Like thousands of pubs across Britain, the Red Lion and Sun fears financial ruin this winter as its energy costs surge, just as business was starting to recover from the fallow years of the COVID-19 pandemic.
Nestled in a leafy north London suburb, the pub’s annual energy bill is on course to more than quadruple this year to 65,000 pounds ($76,000) from 16,000 pounds, said James Cuthbertson, a director of The Frisco Group, which manages the pub along with two others in the capital and southeast England.
“We need to come up with an extra 50,000 pounds in profits each year, at the same time that profits are coming to a standstill as consumers see their own prices rise at home,” he said.
The Red Lion and Sun’s dilemma is typical. Figures from energy analysts Cornwall Insight show that small UK businesses negotiating new energy contracts for the winter face on average a four- or five-fold price increase compared with deals made two years ago.
Over the same period, British wholesale natural gas prices have risen 14-fold, including a doubling since Russia invaded Ukraine in February.
For Cuthbertson and others in his position, the choice is between raising prices, cutting staff, reducing opening hours, or closing entirely.
More than 400 British pubs closed down last year in the wake of pandemic lockdowns, according to a British real estate analysis company, and that number could rocket.
“It is extraordinarily difficult to see how good local community pubs are going to find their way through,” said Emma McClarkin, chief executive officer of the British Beer and Pub Association (BBPA).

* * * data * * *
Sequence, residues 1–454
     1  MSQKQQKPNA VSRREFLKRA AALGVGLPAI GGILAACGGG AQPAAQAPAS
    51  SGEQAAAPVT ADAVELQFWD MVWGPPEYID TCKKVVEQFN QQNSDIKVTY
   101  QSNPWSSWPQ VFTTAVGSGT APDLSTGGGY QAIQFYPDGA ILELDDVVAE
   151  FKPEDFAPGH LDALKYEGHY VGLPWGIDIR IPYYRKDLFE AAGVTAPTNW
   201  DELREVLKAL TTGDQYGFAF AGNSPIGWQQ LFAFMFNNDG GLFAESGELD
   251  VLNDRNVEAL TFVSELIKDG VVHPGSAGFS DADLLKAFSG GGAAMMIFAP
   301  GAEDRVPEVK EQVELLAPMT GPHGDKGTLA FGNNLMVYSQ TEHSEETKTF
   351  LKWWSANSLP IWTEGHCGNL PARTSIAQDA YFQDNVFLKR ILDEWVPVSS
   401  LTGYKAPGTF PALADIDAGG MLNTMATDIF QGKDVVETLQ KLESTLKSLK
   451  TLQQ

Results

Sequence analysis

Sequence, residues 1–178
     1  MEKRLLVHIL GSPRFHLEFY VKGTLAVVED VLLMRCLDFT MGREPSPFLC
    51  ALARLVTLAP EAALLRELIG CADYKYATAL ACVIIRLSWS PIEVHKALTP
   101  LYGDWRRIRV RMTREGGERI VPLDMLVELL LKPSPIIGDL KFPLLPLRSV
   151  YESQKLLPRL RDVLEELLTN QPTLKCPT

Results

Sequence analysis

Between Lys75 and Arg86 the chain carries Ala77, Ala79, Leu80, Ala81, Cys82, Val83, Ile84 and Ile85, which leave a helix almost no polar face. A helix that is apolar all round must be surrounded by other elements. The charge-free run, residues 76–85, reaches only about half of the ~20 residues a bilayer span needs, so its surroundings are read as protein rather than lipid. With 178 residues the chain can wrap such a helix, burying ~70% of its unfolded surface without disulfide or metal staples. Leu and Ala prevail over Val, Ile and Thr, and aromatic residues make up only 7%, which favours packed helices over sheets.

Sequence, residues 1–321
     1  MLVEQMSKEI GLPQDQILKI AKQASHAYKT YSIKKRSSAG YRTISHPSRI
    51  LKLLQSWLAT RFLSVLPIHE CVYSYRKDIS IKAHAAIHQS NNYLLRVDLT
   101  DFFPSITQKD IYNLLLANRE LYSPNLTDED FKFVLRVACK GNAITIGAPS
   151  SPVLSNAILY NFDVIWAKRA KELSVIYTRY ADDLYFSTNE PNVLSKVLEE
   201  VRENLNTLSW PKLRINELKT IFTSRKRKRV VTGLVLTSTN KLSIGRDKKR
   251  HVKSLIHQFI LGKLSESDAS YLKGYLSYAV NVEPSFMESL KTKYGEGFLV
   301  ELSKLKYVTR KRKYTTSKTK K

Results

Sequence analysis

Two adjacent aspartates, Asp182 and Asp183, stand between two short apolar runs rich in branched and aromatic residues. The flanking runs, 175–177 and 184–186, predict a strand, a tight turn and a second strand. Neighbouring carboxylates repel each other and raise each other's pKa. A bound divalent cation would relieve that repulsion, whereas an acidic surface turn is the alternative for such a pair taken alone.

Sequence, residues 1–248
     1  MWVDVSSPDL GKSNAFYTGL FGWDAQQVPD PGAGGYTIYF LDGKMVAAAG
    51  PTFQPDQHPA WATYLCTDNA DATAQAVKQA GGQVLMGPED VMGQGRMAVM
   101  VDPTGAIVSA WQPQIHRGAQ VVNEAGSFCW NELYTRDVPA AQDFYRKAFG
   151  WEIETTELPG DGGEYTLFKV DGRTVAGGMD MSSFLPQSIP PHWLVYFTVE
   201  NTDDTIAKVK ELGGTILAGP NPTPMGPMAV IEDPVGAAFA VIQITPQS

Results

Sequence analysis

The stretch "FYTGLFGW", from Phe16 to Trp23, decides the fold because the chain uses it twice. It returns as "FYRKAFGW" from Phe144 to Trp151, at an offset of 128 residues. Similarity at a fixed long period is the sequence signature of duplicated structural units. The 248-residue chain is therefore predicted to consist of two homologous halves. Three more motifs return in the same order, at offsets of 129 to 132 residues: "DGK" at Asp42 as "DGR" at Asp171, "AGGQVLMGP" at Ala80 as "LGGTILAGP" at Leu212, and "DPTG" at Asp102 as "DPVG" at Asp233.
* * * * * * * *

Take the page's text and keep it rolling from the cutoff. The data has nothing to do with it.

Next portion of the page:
Almost two thirds of British hospitality businesses are currently in the red, according to research from the BBPA, the British Institute of Innkeeping, and UK Hospitality.
PUB LUNCH WITH WATER
Cuthbertson said the Red Lion and Sun had cut back on lighting and could not rule out having to shut down over winter.
Keris de Villiers, who owns three pubs in south London, said raising prices, even by 20 just pence per pint, would really affect her regulars. “Many … are elderly and are struggling to afford to heat their homes,” she said.
Surging consumer price inflation – which hit a 40-year high of 10.1 per cent in July and is set to rise further – will also limit the amount of money Britons have to spend on going out.
As well as correspondingly higher costs for key inputs to the brewing process such as hops and carbon dioxide, pubs are – like much of British industry – also facing rising staff costs.
The Bank of England forecasts Britain’s economy will slip into recession later this year and remain there throughout 2023.
“Trips to the pub will be few and far between in the months to come,” Hargreaves Lansdown analyst Susannah Streeter predicted.
Drinkers at the Red Lion and Sun were already cutting back, Cuthbertson said.
“I’ve seen three of our regulars in a single day choosing tap water over a pint to go with their lunch,” he said. “I’d maybe seen that only once a month before this.”
Further up the food chain, major publicly listed pub owners including Mitchells & Butlers (MAB.L) and J D Wetherspoon (JDW.L) have reported slower sales growth and potential losses this year due to rising costs.
When British pubs and bars were closed outright during the COVID-19 pandemic, the state intervened with emergency funds.
Today, any similar intervention remains uncertain, as the government has said no new policies will be decided on before a new prime minister is announced on Sept. 5.
“I’m lying in bed at night worrying how the hell I’m going to stay afloat,” said Cuthbertson. ($1 = 0.8599 pounds)